Yemen, for example, which is not part of French imperialism’s direct sphere of influence, is nevertheless an excellent market for its weapons manufacturers.
The alliances which are made and unmade in Libya do not take shape only as a function of the balance of force between warlords, but also as a function of the trade advantages which can come from relations with one or the other of the warring camps. The civil war in Libya implicates many other countries, from Egypt to the United Arab Emirates, beyond those which for now have directly intervened on the ground.
The capitalist world is a powder keg. There are already many sparks, each of which could set off the chain reactions leading to a war which involves the big powers. This could then become the first phase of a new world war.
The opposition between two of the planet’s main powers, the United States and China, remains, for now, at the level of verbal jousting. However, a trade war between them is already underway. It may be checked for the moment by the interdependence of the U.S. and Chinese economies, which is due to the large presence of major U.S. and Western corporations in China. While the imperialist West exports capital to China, China exports goods to the West. Roughly half of all Chinese industry is oriented, in one form or another, to production for export. This interdependence is lopsided: the United States is an imperialist power, while China is still to a large extent a poor country. Not only does this unbalanced relationship exist on the economic level, it is also reflected on the military level and in the quantity and quality of the countries’ respective armaments.
There are already areas of friction with direct military implications. U.S. support for Taiwan, the island separated from China since Chiang Kai‑shek took refuge there after his defeat in 1949, is an old issue. Certainly in 1978, the United States recognized the People’s Republic of China. However, U.S. diplomatic actions, accompanied by naval operations and arms sales, are testimony to the U.S. desire to treat Taiwan as part of the belt of countries stretching from Malaysia to Japan and encompassing the Philippines with which it has allied in order to contain Chinese influence. This belt threatens China with loss of access to the Pacific and Indian Oceans.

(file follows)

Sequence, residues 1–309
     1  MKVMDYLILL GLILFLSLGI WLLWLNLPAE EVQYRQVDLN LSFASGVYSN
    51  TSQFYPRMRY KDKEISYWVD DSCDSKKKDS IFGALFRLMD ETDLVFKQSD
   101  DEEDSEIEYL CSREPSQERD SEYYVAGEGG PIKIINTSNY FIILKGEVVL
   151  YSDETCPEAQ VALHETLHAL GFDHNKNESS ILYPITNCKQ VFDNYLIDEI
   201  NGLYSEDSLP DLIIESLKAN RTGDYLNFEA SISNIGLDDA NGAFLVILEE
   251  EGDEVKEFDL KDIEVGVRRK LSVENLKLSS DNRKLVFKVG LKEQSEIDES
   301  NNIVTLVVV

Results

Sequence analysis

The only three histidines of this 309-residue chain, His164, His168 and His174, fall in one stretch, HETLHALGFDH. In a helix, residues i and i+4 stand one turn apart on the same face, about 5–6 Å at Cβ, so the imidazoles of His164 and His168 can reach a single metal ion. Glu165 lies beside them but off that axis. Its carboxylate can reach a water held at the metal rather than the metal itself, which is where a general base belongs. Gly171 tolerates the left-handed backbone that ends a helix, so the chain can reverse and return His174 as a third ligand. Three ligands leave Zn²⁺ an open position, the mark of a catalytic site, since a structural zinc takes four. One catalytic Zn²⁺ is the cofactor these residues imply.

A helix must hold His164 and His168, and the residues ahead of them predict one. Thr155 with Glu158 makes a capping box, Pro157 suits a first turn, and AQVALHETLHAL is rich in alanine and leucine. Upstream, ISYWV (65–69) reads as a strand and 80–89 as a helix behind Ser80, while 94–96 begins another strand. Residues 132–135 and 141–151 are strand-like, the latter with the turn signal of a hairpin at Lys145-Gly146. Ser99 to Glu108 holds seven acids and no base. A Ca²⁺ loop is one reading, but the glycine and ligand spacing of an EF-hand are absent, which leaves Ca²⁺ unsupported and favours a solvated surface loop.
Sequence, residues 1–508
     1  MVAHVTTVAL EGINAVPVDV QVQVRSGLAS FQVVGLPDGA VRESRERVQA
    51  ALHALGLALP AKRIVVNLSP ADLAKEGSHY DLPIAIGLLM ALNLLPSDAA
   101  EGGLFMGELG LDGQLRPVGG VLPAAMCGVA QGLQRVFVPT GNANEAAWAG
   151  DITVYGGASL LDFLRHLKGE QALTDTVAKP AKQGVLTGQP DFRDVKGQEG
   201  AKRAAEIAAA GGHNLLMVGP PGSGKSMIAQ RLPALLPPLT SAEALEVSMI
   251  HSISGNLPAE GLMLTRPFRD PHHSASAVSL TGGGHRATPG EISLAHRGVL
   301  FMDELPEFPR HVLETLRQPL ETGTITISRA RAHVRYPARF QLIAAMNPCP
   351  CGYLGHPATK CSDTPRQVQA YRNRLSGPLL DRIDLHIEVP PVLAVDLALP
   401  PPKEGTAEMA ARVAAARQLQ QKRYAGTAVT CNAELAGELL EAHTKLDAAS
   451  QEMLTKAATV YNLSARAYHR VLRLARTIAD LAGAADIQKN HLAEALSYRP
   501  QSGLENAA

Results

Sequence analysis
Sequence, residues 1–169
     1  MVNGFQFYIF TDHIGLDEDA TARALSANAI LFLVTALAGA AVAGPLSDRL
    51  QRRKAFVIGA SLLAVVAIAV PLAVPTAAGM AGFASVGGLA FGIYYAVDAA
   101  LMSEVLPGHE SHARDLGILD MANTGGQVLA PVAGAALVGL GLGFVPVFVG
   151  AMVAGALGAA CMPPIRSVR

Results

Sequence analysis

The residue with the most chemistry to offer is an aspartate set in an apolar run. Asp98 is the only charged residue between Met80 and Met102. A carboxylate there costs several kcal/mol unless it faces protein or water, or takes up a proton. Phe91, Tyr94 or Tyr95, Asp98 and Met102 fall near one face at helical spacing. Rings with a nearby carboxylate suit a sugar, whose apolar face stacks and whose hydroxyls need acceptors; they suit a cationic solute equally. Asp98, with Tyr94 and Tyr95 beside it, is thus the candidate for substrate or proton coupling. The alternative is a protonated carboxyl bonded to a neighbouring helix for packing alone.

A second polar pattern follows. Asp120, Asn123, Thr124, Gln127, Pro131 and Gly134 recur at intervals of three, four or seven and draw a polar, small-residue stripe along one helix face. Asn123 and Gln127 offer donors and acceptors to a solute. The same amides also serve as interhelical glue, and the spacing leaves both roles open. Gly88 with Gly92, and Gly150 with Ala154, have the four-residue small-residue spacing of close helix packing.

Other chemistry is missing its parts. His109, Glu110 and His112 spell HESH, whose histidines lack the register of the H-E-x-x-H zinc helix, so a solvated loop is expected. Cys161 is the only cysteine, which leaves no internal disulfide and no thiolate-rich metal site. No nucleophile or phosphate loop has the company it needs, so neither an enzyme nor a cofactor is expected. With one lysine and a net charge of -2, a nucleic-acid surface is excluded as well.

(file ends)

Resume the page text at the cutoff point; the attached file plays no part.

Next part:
The tiny archipelagos of the South China Sea known as the Paracels and the Spratleys are among the planet’s hotspots, where the naval vessels of China, the United States, and their allies cross paths and observe each other.
We are not yet in the midst of a dynamic like the one that led to World War Two, which at the time consisted mainly of two imperialist camps fighting to dominate the world. But the United States is already preparing its people for the idea of a clash with China. For Trump, even the coronavirus is Chinese, and the pandemic is an act of war! Biden’s readiness to sign on to the anti-China policies of Trump, even if not all the extravagant language, shows that the talk about the Chinese virus was not only a way to hide Trump’s regime’s obvious inability to fight the spread of the virus. It was also part of a general change in policy toward China, a change that at some point could lead to war.
In France as in other parts of Europe and in the U.S., the “war on terrorism,” with its international implications, has the same goal of enlisting the population. The repeated appeals for “national unity,” which are largely echoed by all of the parties of the bourgeoisie from one end to the other of the political spectrum, have this as their aim. Everything is done in the name of patriotism and each county’s “defense”—which has been the traditional way of justifying every war for imperialism, even the most vile.
With the worsening of international relations, revolutionary communists will increasingly have to denounce this fraud. They must combat bourgeois‑style patriotism with the internationalism of the working class, a fundamental part of the communist perspective.
Although a general propaganda for internationalism is indispensable, it is not enough. It is necessary to combat from one day to the next the policies and even the language of the parties of the bourgeoisie, which, beyond their differences, are unanimous when it is a question of defending their imperialism. They all have as their goal, whether stated or not, to get the working masses used to the wars which are already underway or those to come.
We must refuse “national unity,” which tries to hide the fundamental opposition between the interests of the exploited and those of their exploiters, and which aims to subordinate the exploited to their exploiters. We must refuse all policies which oppose the proletarians of one country to those of another, even those of a “separatist” (or left‑wing nationalist) variety.
Tying the problems posed by the economic aspects of the crisis to its military implications, the Transitional Program lays out the transitional demand which follows, in a concise form: “Not an armaments program but a program of useful public works.” This could be updated to say: “Money to build hospitals and to train and hire healthcare workers, and not for the arms industry.”